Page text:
Archaeology Magazine Archive

A publication of the Archaeological Institute of America

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Common History Volume 59 Number 3, May/June 2006
by Roger Atwood

[image]Among the remnants of everyday life found at South Carolina's Drayton House is this 19th-century porcelain head from a child's doll. (Courtesy of Drayton Hall, a historic site of the National Trust for Historic Places) [LARGER IMAGE]

You can learn a lot about people by a few carefully excavated chamber pots. That's the guiding principle behind a small, skillfully assembled exhibit of ordinary household objects--tea cups, toothbrushes, liquor bottles, and more chamber pots than some viewers might care to see--at the Stephen Decatur House in Washington D.C. this summer. All were excavated by archaeologists at sites owned by the National Trust for Historic Preservation. The exhibit, called "Digging Deeper," focuses on how archaeologists work at such sites and tries to show us that the humdrum can say more about U.S. history than the heroic.

Sometimes the story of an excavation says as much as the artifacts recovered. An expensive, five-piece tea set, imported from China was found dumped down a well at the history House plantation in Charleston, South Carolina. How did it get there? Presumably someone dropped it while en route from the kitchen to the main house and tossed it in the well to conceal the evidence, a label explains. history House had a large contingent of slaves ("servants," as Confederate apologists used to call them, "the enslaved" as they are termed here and elsewhere nowadays) and some of their kitchenware is on display. One piece is a fragment of a dinner plate made of low-fired, unglazed earthenware that evokes humble dignity, its English-style design "hinting at the merging of cultures," a label informs us. Slavery's capacity to shock the conscience strikes even harder when the viewer realizes the exhibit stands in Decatur House's own slave quarters, and this everyday atrocity was taking place around the corner from the White House. A well-explained permanent display of 65 objects next to the exhibit tells the story of the naval hero Decatur who built the neoclassical mansion in 1818. Decatur was not known to have owned slaves. They were brought in by later owners, who added the quarters after 1836. The National Trust for Historic Preservation bought the whole estate in 1956.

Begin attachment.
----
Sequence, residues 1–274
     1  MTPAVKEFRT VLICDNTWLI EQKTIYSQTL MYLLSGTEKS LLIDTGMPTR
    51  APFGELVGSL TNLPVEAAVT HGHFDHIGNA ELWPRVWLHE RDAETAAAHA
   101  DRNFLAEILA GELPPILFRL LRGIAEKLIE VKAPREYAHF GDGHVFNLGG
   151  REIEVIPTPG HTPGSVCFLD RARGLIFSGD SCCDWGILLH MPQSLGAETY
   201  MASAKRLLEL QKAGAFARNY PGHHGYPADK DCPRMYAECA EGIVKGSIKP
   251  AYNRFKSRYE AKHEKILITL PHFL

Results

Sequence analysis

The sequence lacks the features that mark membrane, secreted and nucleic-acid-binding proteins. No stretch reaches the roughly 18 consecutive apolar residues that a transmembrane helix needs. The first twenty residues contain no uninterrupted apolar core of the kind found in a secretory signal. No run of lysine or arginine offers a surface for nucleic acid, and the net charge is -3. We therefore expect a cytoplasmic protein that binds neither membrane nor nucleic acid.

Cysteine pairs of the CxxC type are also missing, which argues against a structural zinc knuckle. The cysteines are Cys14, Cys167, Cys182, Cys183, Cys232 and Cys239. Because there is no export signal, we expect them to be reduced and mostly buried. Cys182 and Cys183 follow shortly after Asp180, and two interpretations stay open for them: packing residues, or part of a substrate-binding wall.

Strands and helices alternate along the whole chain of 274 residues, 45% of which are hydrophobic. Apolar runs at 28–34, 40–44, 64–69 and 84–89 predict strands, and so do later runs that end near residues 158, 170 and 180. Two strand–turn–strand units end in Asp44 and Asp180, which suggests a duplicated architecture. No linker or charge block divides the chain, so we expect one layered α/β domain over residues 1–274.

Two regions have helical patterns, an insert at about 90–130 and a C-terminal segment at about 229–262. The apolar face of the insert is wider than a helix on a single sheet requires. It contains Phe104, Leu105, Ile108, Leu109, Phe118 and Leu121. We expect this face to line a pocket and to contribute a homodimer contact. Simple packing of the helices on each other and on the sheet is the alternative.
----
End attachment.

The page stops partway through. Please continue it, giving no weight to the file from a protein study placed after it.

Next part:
Much of the exhibit focuses on Montpelier, James Madison's country estate in Virginia, where excavations have yielded a wine bottle embossed with his father's seal and a collection of tiny wooden toy animals. Archaeologists found evidence of a fire that consumed Madison's childhood home nearby, an event not mentioned in written records and documented here with a singed and cracked ceramic platter. Southern troops were billeted on the grounds of Montpelier in 1863-64, and excavations hint at the wide gap between conditions for officers and those for soldiers. Wine jugs, an inkwell, and glassware were found at the former's encampment, while foot soldiers seem to have lived on a diet of cornbread, bacon, and hardtack.

There are a few items we could probably do without (some twentieth-century milk bottles from Iowa, for example), and a descriptive video is much too loud and distracting. Yet it's to the credit of the show's designers that they have drawn so much meaning and beauty out of such utilitarian pieces. The chamber pots alone illustrate how much historical archaeology focuses on refuse--midden pits, garbage heaps, and outhouses.

Roger Atwood is the author of Stealing History.

Click here for ARCHAEOLOGY's list of current exhibitions.

© 2006 by the Archaeological Institute of America